George Mason University Hillel’s Expressions of the Holocaust event was an interactive discussion with Holocaust survivors. Small clusters of community members met to discuss their connection to the Holocaust and how to preserve the memory for future generations. This year, 30 Holocaust survivors spoke to 170 participants. Said one survivor, “This is my favorite event because I feel like we are actually being listened to rather than being here for ceremonial purposes. I love speaking with young people to help them understand more about the Holocaust.” Student coordinator Taylor Kreinces said, “It was inspiring to see students actively asking questions about why the Holocaust is important and why it should be continually taught in the future.”

Tufts Hillel’s Remembering The Righteous: A Story Of Holocaust Survival And Reunion

Tufts’ Cummings/Hillel Holocaust and Genocide Education Program is hosting an event Nov. 18 to share a student’s grandmother’s story “of being saved by a Righteous Gentile during the Holocaust and how the two families reconnected seventy years later.” The program teaches students about the Holocaust and modern genocide to teach students, “to be active citizens and to defy prejudice, intolerance, racism, anti-Semitism, and homophobia wherever they occur.” According to the Cummings/Hillel Program for Holocaust and Genocide Education’s website, their objective is “to teach a new generation of activists and advocates the importance of moral action in the face of persecution and oppression.”

Hillel at Guelph’s Holocaust Education Week

Hillel at Guelph students brought to campus a full-scale replica of a cattle car used to transport Jews and other minorities to concentration camps as part of a special exhibit on the Holocaust. (The event was made possible through the financial support of Hillel Ontario and The Centre for Israel and Jewish Affairs.) The event was truly immersive, as students were able to step inside the cattle car. Once there, they saw a display of Nazi-taken photographs of people dying, starving and being tortured in such cattle cars as well as other photos of the Holocaust. Community members also heard from Holocaust survivor Hedy Bohm and attended a special Shabbat dinner.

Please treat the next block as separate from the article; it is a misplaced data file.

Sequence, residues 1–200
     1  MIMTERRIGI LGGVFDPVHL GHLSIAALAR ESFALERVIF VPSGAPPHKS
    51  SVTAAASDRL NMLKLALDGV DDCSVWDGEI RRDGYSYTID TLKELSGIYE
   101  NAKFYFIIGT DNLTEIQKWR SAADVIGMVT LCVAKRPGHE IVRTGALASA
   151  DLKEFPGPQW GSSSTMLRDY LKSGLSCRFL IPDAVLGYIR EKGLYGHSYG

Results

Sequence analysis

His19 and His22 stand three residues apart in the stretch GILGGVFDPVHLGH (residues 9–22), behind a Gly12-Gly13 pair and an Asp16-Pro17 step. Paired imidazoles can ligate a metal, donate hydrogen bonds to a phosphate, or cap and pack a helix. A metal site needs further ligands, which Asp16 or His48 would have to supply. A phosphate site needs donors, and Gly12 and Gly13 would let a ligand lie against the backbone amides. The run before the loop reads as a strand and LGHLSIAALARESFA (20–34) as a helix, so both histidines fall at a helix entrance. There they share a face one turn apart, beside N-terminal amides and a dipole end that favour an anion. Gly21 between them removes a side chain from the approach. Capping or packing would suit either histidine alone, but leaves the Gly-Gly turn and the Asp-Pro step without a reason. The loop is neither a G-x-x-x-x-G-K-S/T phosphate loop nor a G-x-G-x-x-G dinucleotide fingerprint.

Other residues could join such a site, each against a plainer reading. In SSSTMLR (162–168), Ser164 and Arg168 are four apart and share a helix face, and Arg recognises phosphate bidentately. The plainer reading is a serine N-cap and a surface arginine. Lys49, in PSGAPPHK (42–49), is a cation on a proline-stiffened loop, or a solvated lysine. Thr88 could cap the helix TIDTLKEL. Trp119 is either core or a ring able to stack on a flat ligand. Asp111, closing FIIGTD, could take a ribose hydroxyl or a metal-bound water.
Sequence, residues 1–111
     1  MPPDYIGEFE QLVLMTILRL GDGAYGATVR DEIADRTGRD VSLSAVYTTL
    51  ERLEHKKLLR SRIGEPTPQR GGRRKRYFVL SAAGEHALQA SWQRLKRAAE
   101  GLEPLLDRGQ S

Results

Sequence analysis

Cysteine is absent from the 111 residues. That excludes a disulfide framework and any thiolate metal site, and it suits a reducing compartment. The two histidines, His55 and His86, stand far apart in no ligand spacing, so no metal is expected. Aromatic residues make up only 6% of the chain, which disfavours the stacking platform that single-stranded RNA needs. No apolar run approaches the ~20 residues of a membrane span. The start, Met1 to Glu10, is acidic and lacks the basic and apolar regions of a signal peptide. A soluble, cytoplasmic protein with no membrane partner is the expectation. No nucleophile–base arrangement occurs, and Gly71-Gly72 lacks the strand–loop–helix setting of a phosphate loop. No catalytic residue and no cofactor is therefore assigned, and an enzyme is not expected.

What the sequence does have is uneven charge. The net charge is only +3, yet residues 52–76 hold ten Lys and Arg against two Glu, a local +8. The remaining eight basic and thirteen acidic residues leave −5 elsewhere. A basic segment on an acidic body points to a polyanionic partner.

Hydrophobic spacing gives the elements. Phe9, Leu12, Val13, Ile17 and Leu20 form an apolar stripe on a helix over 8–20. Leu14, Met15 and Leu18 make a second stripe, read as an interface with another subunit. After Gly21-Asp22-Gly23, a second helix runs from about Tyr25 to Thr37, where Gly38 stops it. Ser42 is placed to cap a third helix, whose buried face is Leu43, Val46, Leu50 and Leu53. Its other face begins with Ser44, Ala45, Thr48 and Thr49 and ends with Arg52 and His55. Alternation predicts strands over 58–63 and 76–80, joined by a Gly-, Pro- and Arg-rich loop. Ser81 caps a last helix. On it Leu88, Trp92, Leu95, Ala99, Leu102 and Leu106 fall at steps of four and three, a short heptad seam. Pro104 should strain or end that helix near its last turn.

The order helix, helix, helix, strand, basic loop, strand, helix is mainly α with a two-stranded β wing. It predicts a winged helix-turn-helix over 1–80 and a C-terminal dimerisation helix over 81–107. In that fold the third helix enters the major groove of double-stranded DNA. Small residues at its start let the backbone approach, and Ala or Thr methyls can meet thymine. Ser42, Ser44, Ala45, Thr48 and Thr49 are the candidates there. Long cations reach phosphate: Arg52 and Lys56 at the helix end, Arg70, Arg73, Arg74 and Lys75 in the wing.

Said Holocaust Education Week committee co-chair Brodie Marks: "Our goal was to provide the most impactful experiential learning opportunity possible. Not only did the cattle car and the Holocaust survivor provide information about the Holocaust, but it evoked personal feeling and connection to the Holocaust and its atrocities.”

Marc Newburgh, CEO of Hillel Ontario, had this to say: "I have never seen a more powerful demonstration of the power and vision of our young people than I did at Guelph [that day].The cattle car was a dream of one student, made into reality by the working together of over 25 students. They had the support of Hillel and engaged more people through their creativity and innovation than any other program.

“I watched as over 1,000 students streamed into a room to listen to Hedy Bohm's testimony; students from diverse backgrounds, cultures and religions, all of whom had been brought together because the Guelph Hillel students made the Holocaust relevant beyond just the Jewish community. They built bridges on campus and united the student population."

How has your campus Hillel created programming and space for discussion and reflection? Share your Hillel’s best practices and resources with us at communications@hillel.org.